Have you heard about the case of Rubiales, the president of Spain’s national women’s football team? In October, he publicly kissed one of the female players on the mouth after the team won the World Championships. This act was heavily criticised as being inappropriate and unsafe for the athlete. However, Rubiales saw this public condemnation as a witch hunt and downplayed his behaviour, even stating that he felt like a victim in the situation. Despite protests for his resignation, Rubiales refused to step down from his position. This event highlights the issue of perceived power in sports and how it can be abused. Rubiales used his position of power, in the eyes of the world, to silence the athlete and prevent her from speaking about the incident. As a result of his actions, Rubiales eventually resigned and was suspended for three years.

Misusing power occurs in manners. During the Euro 2021 tournament of Norwegian beach handball, the women’s team received a fine of ¤1500 for wearing "improper clothing", as stated by the European Handball Association’s Disciplinary Commission. The reason for this fine was that the women refused to play in bikini bottoms and instead wore tight shorts that fully covered their buttocks. Moreover, the regulations require that men wear shorts that are no more than four inches above the knee, while women are not permitted to wear shorts in favour of bikini bottoms according to the International Handball Federation’s rules. This raises the question of why such a difference exists, and whether it indirectly contributes to the objectification of female athletes, putting them at increased risk of transgressive behaviours while participating in their sport. In this situation, the sports federations imposed their perceived power on the beach handball players by punishing them for not acting according to the federations’ ’made-up truths’ on how to behave in beach handball.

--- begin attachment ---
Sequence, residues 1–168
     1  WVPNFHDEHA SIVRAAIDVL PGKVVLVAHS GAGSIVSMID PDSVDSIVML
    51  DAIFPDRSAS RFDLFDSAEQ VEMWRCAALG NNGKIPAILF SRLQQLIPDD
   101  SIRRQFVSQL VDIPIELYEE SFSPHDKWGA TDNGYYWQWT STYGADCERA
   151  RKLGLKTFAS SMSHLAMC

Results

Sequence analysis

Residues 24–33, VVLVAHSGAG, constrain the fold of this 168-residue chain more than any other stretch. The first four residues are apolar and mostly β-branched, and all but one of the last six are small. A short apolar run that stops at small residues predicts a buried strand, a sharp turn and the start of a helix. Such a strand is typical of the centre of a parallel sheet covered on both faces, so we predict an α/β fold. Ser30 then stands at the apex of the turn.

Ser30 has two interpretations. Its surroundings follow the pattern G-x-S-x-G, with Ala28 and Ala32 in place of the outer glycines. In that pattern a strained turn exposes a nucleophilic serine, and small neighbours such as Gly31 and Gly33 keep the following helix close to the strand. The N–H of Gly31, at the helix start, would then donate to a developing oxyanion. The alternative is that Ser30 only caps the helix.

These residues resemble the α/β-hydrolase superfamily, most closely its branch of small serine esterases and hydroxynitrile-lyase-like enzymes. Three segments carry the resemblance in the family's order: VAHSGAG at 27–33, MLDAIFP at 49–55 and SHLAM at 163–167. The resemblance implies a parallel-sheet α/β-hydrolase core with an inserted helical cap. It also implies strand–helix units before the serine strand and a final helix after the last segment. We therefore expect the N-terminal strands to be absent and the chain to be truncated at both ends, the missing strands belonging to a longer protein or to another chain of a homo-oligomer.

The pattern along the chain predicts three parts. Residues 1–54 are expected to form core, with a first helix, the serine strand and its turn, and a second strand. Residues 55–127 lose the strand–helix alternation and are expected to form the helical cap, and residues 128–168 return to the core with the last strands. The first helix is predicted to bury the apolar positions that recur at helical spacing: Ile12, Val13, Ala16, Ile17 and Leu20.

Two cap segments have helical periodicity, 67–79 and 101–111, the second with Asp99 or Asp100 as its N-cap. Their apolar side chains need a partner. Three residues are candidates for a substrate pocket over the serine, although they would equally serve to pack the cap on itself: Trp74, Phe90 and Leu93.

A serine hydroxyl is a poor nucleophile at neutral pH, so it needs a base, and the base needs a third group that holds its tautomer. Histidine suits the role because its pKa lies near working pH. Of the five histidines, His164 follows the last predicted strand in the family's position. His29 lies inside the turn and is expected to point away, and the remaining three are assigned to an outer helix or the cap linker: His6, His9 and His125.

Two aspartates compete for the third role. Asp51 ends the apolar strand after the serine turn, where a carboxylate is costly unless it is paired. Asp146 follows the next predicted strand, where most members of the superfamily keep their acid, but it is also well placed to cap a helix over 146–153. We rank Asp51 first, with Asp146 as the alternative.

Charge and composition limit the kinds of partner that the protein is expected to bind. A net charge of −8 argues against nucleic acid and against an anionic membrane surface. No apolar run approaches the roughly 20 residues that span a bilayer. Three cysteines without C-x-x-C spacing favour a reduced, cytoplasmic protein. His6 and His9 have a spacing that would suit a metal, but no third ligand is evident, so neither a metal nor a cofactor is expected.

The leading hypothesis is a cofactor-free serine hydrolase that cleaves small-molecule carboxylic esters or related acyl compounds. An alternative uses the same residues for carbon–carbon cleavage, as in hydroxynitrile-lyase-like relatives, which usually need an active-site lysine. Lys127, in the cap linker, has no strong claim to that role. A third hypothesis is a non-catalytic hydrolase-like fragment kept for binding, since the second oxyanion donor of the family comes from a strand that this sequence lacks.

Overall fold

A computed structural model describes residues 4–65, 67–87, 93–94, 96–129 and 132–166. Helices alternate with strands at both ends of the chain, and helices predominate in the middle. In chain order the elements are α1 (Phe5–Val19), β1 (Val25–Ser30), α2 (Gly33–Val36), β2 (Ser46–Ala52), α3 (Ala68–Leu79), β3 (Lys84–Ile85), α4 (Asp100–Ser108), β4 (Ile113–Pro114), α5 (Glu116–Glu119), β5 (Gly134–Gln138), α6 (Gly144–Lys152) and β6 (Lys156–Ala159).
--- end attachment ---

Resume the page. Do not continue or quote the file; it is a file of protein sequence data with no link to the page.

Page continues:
Taking collective action

The current culture in sports is putting the resilience of athletes at risk. Studies have brought to light the prevalence of transgressive behaviours towards athletes and increased the awareness of current power dynamics. We, as a society, must intervene to change this behaviour. People involved in sports need to realise that this kind of behaviour is not normal or acceptable. Unfortunately, it often takes major incidents - such as the many horrible cases of sexual abuse that came to light in recent times (e.g., USA Gymnastics) - to make people take notice. As a collective, athletes need to start speaking out more about their experiences of transgressive behaviour to break the pattern of acceptance by those in positions of (top-down) power. Collective action by the sports community will help to strengthen the resilience of athletes and create safe sports for them.

About the authors

Marleen Haandriksman is a lecturer and researcher in the Psychology of Conflict, Risk and Safety group of the Faculty of BMS. Her research focuses on safeguarding athletes at all levels of the sports community.  Nicolette   Schipper-van Veldhoven is Professor of Sports Risks & Safety within the EEMCS Faculty. Her research centres on the creation of a safe sports climate within (organised) sports, especially for children.